A Wodehouse Favourite: Rex Stout
My tribute to Rex Stout, creator of Nero Wolfe, in current edition of Wooster Sauce, journal of the PG Wodehouse Society
“His narrative and dialogue could not be improved, and he passes the supreme test of being re-readable. I don’t know how many times I have read the stories, but plenty. I know exactly what is coming and how it is all going to end, but it doesn’t matter. That’s writing.”
That could come from any number of readers of P G Wodehouse. But it was actually written by Wodehouse himself, about his friend and favourite detective story writer, Rex Stout. It is part of his introduction to Stout’s official biography, and echoes the compliments the two paid each other in a long mutually-admiring correspondence. Rex Stout is one of the few real writers, living or dead, to get a favourable mention in Wodehouse’s fiction. Bertie and Aunt Dahlia actually struggle over a copy of the latest Stout in The Code Of The Woosters.
It is easy to understand why Wodehouse relished Stout. His full name, Rex Todhunter Stout, is one Wodehouse might have given to a struggling author posing as an expert on pigs – or even to a detective.
Rex Stout had a varied life, with some echoes of Wodehouse’s. He was born in Indiana in 1886, one of nine children of Quaker parents who encouraged him to read omnivorously. As a young child he read the Bible twice over and would have edged Bertie Wooster in a prize contest for Scripture Knowledge. At 13 he became the Kansas state spelling champion. After a variety of short-term jobs, including warrant officer on Teddy Roosevelt’s Presidential yacht, he became a published writer at the age of 24 and served a long apprenticeship, like Wodehouse, in magazines. Unlike Wodehouse, he gave himself a financial cushion against failure as a writer, by patenting a successful school banking system. Ironically, he lost most of his money from this in the Great Depression and was forced to become a full-time author.
He wrote some serious psychological novels and a political thriller The President Vanishes. Astutely, he published this anonymously and encouraged speculation that it had been written by a major politician. Then in 1934 he turned exclusively to detective fiction, with the publication of his first Nero Wolfe story, Fer-de-Lance. Another 72 would follow, the last, Death Times Three, posthumously after his death in 1975.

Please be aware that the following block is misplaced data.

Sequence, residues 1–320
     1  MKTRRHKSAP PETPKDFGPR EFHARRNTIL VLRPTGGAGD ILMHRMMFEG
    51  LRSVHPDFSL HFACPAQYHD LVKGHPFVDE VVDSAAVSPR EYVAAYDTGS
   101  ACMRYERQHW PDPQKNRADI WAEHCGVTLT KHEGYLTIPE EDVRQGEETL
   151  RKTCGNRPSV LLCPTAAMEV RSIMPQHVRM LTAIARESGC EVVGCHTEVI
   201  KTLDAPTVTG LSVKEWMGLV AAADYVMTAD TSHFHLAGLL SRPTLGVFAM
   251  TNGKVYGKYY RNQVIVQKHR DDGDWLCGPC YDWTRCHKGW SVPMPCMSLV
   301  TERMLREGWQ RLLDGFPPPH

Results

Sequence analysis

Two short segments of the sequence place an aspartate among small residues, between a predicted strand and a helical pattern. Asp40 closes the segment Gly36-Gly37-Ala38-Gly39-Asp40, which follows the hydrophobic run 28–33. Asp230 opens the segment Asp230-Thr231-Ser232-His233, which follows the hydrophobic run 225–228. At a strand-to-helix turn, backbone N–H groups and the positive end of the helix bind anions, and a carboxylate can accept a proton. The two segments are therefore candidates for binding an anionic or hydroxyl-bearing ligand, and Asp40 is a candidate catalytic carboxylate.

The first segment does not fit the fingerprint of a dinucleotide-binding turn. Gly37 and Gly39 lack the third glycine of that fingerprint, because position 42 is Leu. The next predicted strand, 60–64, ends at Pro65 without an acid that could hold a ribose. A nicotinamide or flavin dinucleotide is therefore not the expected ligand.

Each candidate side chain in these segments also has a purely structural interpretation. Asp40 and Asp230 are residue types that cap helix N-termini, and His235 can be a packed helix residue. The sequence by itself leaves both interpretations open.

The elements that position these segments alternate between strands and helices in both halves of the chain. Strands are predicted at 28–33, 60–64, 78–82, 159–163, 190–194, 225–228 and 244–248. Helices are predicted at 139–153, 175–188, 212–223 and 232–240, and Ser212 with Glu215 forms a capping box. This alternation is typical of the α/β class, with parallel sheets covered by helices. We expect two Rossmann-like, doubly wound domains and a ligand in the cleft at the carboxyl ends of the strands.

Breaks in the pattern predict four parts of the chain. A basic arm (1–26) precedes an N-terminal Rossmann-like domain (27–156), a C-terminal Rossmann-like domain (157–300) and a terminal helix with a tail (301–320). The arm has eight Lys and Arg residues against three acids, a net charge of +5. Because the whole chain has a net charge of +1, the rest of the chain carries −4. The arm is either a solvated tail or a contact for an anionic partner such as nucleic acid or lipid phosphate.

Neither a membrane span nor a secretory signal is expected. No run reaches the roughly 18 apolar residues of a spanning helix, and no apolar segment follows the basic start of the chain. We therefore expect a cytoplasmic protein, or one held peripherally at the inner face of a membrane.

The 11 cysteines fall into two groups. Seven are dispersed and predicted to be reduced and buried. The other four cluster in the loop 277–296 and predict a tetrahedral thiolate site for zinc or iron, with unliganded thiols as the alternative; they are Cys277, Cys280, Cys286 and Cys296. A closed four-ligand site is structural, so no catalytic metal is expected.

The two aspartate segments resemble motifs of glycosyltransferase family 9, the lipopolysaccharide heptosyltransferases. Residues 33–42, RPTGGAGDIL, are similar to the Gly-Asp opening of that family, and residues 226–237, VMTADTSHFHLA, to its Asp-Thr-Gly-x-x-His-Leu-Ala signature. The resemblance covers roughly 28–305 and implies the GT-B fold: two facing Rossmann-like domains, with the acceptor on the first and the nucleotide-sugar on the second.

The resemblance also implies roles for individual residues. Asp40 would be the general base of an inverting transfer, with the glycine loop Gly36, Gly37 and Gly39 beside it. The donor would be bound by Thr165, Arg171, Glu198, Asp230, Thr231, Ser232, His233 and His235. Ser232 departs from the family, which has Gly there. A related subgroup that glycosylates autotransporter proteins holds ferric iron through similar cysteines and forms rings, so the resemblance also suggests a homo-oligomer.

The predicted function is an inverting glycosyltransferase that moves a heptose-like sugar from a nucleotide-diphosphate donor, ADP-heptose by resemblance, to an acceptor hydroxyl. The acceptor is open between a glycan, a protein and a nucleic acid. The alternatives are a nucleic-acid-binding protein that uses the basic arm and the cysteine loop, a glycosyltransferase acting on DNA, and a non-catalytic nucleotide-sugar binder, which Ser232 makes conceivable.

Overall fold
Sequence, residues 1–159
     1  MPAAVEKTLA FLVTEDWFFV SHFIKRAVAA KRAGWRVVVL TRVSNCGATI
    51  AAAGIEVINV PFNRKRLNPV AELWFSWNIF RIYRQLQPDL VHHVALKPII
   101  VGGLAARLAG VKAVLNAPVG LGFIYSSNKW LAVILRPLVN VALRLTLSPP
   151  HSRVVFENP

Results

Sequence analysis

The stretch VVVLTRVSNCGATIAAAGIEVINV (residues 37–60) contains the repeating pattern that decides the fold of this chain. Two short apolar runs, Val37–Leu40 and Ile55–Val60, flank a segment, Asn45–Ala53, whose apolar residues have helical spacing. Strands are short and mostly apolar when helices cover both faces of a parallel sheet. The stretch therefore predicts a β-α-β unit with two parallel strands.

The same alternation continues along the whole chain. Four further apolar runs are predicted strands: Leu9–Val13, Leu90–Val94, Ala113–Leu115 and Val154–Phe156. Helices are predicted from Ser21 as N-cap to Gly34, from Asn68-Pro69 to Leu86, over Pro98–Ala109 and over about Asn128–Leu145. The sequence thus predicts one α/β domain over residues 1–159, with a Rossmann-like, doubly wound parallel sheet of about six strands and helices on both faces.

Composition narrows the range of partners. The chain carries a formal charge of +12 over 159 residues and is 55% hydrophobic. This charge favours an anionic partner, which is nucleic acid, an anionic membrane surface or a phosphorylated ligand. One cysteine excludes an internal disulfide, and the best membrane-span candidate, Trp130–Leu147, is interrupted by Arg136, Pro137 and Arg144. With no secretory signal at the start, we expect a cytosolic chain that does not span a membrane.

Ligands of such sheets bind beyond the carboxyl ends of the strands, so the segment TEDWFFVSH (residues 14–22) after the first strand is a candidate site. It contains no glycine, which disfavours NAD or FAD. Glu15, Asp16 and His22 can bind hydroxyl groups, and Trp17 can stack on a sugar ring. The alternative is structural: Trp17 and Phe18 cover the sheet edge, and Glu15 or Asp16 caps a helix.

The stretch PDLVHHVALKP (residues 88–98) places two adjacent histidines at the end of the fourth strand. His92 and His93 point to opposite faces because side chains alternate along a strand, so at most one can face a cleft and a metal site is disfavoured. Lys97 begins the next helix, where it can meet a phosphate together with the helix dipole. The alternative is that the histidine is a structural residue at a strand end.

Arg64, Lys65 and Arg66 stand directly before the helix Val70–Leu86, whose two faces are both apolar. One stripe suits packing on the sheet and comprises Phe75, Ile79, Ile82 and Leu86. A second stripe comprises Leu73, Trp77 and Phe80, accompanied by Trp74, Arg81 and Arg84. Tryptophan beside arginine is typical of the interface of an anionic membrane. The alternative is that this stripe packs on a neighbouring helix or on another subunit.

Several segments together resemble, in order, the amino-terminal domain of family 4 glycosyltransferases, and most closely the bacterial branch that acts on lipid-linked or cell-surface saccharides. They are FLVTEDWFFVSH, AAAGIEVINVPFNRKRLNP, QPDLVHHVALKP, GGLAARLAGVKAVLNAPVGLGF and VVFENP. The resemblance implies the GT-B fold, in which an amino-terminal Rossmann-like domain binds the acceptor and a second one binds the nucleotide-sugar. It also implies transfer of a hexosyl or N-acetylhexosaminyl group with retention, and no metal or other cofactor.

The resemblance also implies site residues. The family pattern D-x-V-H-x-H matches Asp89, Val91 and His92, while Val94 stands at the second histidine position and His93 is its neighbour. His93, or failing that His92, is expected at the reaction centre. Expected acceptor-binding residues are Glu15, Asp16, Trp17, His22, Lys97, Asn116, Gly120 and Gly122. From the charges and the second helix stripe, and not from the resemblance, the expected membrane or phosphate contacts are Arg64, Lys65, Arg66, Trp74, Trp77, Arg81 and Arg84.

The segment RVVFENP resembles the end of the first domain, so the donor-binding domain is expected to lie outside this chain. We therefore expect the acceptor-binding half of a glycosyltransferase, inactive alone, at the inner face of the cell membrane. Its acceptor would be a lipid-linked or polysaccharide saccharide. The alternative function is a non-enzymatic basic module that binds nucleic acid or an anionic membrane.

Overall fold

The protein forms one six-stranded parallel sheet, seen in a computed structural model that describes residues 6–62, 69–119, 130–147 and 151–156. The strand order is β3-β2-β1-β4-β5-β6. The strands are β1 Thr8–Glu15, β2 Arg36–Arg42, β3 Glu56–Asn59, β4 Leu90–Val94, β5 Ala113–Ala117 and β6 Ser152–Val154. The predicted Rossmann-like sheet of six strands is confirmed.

In most photographs, he is wearing a beard which even Gally Threepwood would regard as too extravagant for use as a disguise.
Like Wodehouse, Stout became famous for wartime broadcasts, although for the right reasons, combatting Axis propaganda in America as presenter of a long-running radio series called “Speaking Of Liberty”. Unlike Wodehouse, Stout was politically active. He was a co-founder of the left-wing Vanguard Press and a strong campaigner for civil liberties and authors’ rights. He was badgered by the FBI and took his revenge on them in a late Wolfe novel The Doorbell Rang. But he also detested Communism, and unleashed Wolfe against it in The Second Confession.
Stout created a few other detectives, including a pioneering woman PI, Dol Bonner. But his greatest creations were Nero Wolfe and his live-in assistant Archie Goodwin.
Wolfe must be the bulkiest detective, real or fictional, in history. Archie, his narrator, regularly puts his weight at one-seventh of a ton (American not Imperial) which makes him nearly 290 pounds. He solves all his cases by deep thought in the chair specially built for him, in the intervals between reading, cultivating orchids, drinking beer and consuming gourmet meals cooked by his resident chef Fritz (a loyal and much calmer version of Anatole.) Wolfe almost never leaves his house, a brownstone mansion on West 35th Street, Manhattan. Clients and witnesses are delivered to him (usually with a curt instruction to Archie to “Bring them”) and Wolfe exposes the murderer in his crowded office in the presence of his ally and occasional adversary Inspector Cramer of Manhattan Homicide.
For all Wolfe’s genius the murderer usually strikes two or three times before the exposure (as with his fictional rivals Hercule Poirot and Miss Marple). Despite Wodehouse’s tribute, plots were never the strongest element in a Wolfe mystery. All too often, Wolfe’s solution depends on the discovery of a surprising fact by Archie or Wolfe’s brilliant sub-contracted private detective, Saul Panzer. The addictive properties in the series are the dialogue, the characters and the setting.